Unmistaken Child Review
Two years after its US DVD release through Oscilloscope Laboratories, and a handful of screenings as part of BBC4’s Storyville strand (under the title of The Baby and the Buddha), Nati Baratz’s Unmistaken Child finally arrives onto disc in the UK. This 2008 documentary concerns itself with the search undertaken by Buddhist monk Tenzin Zopa to find the reincarnation of his master Lama Konchog who died in 2001. The process - first of locating the potential child and then confirming that he is indeed the ‘unmistaken’ one - took four years and is captured by Baratz at every stage of the journey. Initially the film plays out almost as a road movie as Zopa treks between remote Tibetan villages, yet it is also a fascinating glimpse at the 700-year old Buddhist traditions; we’ve seen them featured as part narrative cinema in Martin Scorsese’s Kundun and Bernardo Bertolucci’s Little Buddha, but rarely - if at all - in strict documentary form.
This aspect of the unfamiliar is what drives Unmistaken Child and was no doubt the inspiration behind the film’s conception in much the same way as it was for other Buddhist-centred documentaries such as Graham Coleman’s 1978 epic Tibet: A Buddhist Trilogy, Werner Herzog’s Wheel of Time or The Lost World of Tibet by the BBC. However, I would argue that the unfamiliar is stronger in Baratz’s film than it is in these other works owing to the added humanist elements. Whilst his camera may observe from a respectful distance (at times having to zoom in order to capture a particular moment or exchange) he is nonetheless able to get close to his subjects and thus allow Unmistaken Child an emotional core. Indeed, his film may be set in some stunning landscapes, yet the choice to use digital video as opposed to film stock suggests that the visual qualities were not utmost in his mind. Rather he is more concerned with the portrait; that of Tenzin Zopa and that of the ‘unmistaken child’ of the title.
It helps, no doubt, that Zopa is such an open presence in front of the camera. Unafraid to share his emotions, it is clear to see the effect that losing his master has had on him, both through his reluctance to take on the task of finding his reincarnation and the abundance of tears which come at certain points. Furthermore, he’s also an incredibly warm presence, ably engaging with the children and families who come in his path and, perhaps, not that far removed from being a child himself. As a guide through Unmistaken Child he proves invaluable, fully allowing for a connection between the audience and that which is caught on camera; a point of entry, if you will, that wasn’t always present in those other documentaries mentioned above. Those films relied on the outsider perspective or attempted to remain as objective as possible. Of course, with that came their own respective qualities (and I would recommend each to those wishing to find out more about Tibetan history or Buddhist culture), but Unmistaken Child is slightly different as a result. It just as ably casts light on these long-held traditions but is also undoubtedly more immediate in its effects. The concluding scenes, in which the parents effectively give up their child to the monastery and cause unsurprising distress on his part - “Don’t let them go. Now I have no friends. I have no friends” - are both heartbreaking and understandable within the bigger picture. Whilst we will no doubt remember the insight afforded by Unmistaken Child, it is arguably moments such as these which will linger the longest.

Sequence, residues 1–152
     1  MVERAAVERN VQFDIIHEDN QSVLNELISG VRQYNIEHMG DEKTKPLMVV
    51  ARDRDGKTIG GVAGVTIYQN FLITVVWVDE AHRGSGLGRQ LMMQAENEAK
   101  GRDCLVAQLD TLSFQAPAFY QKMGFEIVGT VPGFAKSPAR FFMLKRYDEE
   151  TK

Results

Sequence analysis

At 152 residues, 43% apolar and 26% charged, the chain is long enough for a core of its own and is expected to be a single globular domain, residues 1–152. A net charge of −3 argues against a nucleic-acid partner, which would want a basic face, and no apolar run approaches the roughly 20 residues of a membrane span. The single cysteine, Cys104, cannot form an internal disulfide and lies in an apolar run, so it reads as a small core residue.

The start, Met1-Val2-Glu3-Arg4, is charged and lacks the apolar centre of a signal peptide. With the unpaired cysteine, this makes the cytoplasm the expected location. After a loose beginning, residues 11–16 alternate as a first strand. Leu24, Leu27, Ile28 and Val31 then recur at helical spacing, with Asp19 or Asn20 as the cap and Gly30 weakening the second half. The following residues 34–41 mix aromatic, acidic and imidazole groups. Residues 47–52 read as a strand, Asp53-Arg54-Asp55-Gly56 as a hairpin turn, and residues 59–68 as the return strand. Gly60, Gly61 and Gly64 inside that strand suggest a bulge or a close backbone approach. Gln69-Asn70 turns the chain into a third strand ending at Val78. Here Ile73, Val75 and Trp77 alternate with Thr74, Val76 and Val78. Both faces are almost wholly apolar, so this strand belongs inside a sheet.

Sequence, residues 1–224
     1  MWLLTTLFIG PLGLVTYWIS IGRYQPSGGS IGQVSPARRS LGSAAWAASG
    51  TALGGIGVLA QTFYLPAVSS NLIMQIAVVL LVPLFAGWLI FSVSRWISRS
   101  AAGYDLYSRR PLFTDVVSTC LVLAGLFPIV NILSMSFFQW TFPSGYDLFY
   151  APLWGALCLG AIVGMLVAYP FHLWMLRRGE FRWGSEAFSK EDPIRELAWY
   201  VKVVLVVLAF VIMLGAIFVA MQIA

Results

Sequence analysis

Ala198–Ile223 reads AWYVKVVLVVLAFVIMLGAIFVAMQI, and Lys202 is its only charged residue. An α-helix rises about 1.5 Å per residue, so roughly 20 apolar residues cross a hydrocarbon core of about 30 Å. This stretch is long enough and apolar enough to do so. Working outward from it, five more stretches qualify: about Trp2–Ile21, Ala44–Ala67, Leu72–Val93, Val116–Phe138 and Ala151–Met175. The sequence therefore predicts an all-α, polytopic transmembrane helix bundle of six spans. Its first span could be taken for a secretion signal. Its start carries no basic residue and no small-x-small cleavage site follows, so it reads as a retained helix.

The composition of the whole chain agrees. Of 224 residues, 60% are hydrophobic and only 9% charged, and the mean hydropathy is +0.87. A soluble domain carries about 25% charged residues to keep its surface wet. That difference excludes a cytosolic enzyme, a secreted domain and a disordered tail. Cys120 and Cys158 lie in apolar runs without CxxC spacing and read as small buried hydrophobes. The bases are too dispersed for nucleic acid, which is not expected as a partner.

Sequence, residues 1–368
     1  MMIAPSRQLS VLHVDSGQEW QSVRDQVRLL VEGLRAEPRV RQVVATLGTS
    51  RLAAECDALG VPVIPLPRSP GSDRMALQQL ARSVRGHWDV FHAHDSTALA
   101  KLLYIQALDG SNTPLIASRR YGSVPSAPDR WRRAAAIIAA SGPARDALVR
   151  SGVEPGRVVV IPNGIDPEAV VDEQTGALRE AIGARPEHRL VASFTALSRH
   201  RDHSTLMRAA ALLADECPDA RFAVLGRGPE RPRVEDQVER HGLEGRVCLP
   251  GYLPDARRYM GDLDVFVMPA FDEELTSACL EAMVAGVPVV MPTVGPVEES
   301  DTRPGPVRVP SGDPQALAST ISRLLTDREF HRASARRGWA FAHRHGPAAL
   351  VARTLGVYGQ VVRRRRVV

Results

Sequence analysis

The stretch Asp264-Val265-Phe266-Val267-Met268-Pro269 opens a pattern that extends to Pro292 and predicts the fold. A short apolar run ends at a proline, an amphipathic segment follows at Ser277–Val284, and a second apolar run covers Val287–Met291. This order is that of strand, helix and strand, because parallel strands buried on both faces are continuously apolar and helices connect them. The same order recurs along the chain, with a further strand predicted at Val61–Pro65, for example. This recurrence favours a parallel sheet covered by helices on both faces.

Matchbox Films are releasing Unmistaken Child onto a single-layered disc encoded for Region 2. The film retains its 1.66:1 original aspect ratio, anamorphically enhanced, and stereo soundtrack. Given that it was shot on digital video it is hard to ascertain just how ‘correct’ the transfer is. Certainly, there are flaws but these could easily be inherent in the original materials. Unfortunately I do not the Oscilloscope disc with which to compare. Nonetheless the image remains clean and as clear as could expected, presumably, from the low grade-ish digital source and remains watchable throughout. The soundtrack fares well also, especially the strong score (which at times is akin to Inception’s), whilst the dialogue remains clear. Note, however, that all of the dialogue - whether in English or Tibetan, Hindi or Nepali - is subtitled throughout (the English being a little unnecessary perhaps given Zopa’s clear diction) and these subtitles are burnt into the image as opposed to being optional. Extras are limited to a trailer meaning that the eight deleted scenes present on the Oscilloscope disc have not made the transition to Region 2.